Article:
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Counter-terrorism measures are fuelling racism, UN rights expert warns

Racism risk

20 June 2017

GENEVA (20 June 2017) – States must do more to combat racism, Islamophobia and discrimination which are worsening amid the ongoing terrorism threat and are in some cases being fuelled by anti-terror policies, according to a United Nations Special Rapporteur.

Mutuma Ruteere told the Human Rights Council in Geneva that hate speech and security measures were exacerbating racism, xenophobia and discrimination based on people’s ethnic origin, migration status or religion.

“After recent terrorist attacks, I have witnessed the proliferation of anti-Muslim rhetoric and the rise of right-wing extremist parties,” said Mr. Ruteere, Special Rapporteur on contemporary forms of racism, in a new report. “This has led to an atmosphere of fear towards Muslims in countries where they are seen as a separate ethnic group or viewed as foreign.

“Meanwhile counter-terrorism policies have disproportionally affected people from Middle Eastern countries, considerably restricting their freedom of movement. Several countries have amended legislation to make it easier to strip citizens of their nationalities if they are suspected of terrorist-related activities,” he noted.

Mr. Ruteere said addressing economic inequalities was key to meeting the challenge of countering terrorism without fuelling racism, xenophobia and discrimination.

“With the onset of economic crises worldwide, populist parties have gained support by capitalizing on constituents’ concerns over the financial burdens of migration and their belief that migrants engage in crime, take jobs away from nationals, pose a threat to national identity or have religious practices that are incompatible with modern societies,” the expert explained.

The Special Rapporteur also noted the particular challenges to human rights and democracy being posed by neo-Nazis, skinhead groups and other extremist movements.

“Consistent vigilance against racist and xenophobic crimes is required,” he stressed. “States must do more to combat the rise in extremist groups, and highlight good practices developed by each other and by other stakeholders.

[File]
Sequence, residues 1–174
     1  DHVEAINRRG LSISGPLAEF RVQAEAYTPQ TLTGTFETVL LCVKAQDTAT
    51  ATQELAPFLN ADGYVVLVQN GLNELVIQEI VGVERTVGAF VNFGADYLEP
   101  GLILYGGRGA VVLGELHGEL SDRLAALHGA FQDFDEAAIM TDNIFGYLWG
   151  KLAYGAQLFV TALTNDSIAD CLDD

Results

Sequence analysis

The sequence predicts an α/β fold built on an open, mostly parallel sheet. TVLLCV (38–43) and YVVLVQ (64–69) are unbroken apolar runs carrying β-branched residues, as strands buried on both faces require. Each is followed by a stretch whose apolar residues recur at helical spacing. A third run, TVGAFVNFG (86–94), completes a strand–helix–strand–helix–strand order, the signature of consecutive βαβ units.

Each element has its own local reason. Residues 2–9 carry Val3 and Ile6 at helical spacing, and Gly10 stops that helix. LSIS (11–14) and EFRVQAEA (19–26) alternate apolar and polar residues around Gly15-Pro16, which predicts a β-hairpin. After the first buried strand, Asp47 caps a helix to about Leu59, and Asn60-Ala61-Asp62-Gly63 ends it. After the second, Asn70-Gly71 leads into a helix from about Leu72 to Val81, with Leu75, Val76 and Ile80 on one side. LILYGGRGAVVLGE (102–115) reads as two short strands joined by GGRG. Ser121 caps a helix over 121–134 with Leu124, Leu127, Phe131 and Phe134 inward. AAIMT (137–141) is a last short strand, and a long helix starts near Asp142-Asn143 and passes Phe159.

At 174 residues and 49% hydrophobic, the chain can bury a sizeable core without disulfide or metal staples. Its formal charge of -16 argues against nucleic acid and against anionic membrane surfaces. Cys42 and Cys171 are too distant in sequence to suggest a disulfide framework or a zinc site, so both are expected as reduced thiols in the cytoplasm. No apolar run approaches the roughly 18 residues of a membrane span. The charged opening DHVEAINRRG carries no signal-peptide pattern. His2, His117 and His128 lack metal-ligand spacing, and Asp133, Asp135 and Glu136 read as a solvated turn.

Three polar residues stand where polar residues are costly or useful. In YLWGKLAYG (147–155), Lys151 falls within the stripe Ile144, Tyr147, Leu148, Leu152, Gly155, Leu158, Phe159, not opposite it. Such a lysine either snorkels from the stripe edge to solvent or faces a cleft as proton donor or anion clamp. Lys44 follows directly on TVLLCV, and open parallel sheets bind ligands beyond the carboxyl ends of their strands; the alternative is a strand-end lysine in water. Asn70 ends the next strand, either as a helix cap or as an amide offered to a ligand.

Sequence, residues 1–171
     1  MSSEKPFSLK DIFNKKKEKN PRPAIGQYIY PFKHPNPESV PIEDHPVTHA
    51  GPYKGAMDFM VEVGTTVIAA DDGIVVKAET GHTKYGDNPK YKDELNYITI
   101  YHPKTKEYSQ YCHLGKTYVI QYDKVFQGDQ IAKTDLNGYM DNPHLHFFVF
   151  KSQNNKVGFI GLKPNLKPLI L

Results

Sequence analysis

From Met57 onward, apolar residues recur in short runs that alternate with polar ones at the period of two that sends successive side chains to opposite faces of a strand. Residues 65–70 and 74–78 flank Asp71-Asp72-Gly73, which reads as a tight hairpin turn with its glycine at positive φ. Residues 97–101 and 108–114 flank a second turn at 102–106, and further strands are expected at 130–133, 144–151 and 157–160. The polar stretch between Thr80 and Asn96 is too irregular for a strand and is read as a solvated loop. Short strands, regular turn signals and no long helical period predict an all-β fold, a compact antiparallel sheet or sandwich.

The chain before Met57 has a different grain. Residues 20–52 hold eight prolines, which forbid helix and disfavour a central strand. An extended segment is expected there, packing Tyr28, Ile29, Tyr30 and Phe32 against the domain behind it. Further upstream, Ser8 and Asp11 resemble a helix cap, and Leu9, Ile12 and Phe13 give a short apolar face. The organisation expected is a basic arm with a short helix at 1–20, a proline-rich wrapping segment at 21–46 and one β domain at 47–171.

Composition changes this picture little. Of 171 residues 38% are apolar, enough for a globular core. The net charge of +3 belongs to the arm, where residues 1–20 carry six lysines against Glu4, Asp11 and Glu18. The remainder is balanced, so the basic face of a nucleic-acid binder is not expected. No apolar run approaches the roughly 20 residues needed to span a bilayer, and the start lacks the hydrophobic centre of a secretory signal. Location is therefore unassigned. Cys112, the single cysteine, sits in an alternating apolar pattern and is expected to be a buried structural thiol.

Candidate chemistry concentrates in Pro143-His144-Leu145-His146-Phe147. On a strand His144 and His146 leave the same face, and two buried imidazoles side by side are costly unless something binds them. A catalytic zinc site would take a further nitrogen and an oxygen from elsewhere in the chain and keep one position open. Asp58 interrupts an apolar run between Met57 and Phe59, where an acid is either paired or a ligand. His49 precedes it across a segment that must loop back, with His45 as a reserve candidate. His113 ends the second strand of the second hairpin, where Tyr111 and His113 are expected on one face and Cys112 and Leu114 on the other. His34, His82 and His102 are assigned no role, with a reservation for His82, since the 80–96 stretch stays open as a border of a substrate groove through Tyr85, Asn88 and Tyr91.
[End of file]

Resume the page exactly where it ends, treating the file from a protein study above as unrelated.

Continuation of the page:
“Extremists continue to blame vulnerable groups for society’s problems and incite intolerance and violence against them. States and other relevant groups must ensure better protection for victims and prevent future crimes,” the expert stressed.

Mr. Ruteere’s report also looked at racism in sport, the internet and social media, the role of education in the prevention of racism, and the use of racial profiling in law enforcement.

He said new technologies including the internet were key tools in preventing racism and discrimination, but noted: “The intersection of poverty and racism means that excluded minority groups might have less access to the internet. States should therefore adopt measures to make the internet widely available, increasing opportunities for meaningful interaction and participation.”

Sports could also play a dynamic role in promoting tolerance and racial and cultural understanding, he noted.

The Special Rapporteur also updated the Human Rights Council on Monday 19 June with further findings on glorification of Nazism, as well as reports on his visits to Australia, Argentina and Fiji. Check all the reports here. Mr. Ruteere will present a detailed report to the UN General Assembly later this year.


Mr. Mutuma Ruteere (Kenya) was appointed by the Human Rights Council as Special Rapporteur on contemporary forms of racism, racial discrimination, xenophobia and related intolerance in November 2011. As Special Rapporteur, he is part of what is known as the Special Procedures of the Human Rights Council. Special Procedures, the largest body of independent experts in the UN Human Rights system, is the general name of the Council’s independent fact-finding and monitoring mechanisms. Special Procedures mandate-holders are independent human rights experts appointed by the Human Rights Council to address either specific country situations or thematic issues in all parts of the world. They are not UN staff and are independent from any government or organisation. They serve in their individual capacity and do not receive a salary for their work. 

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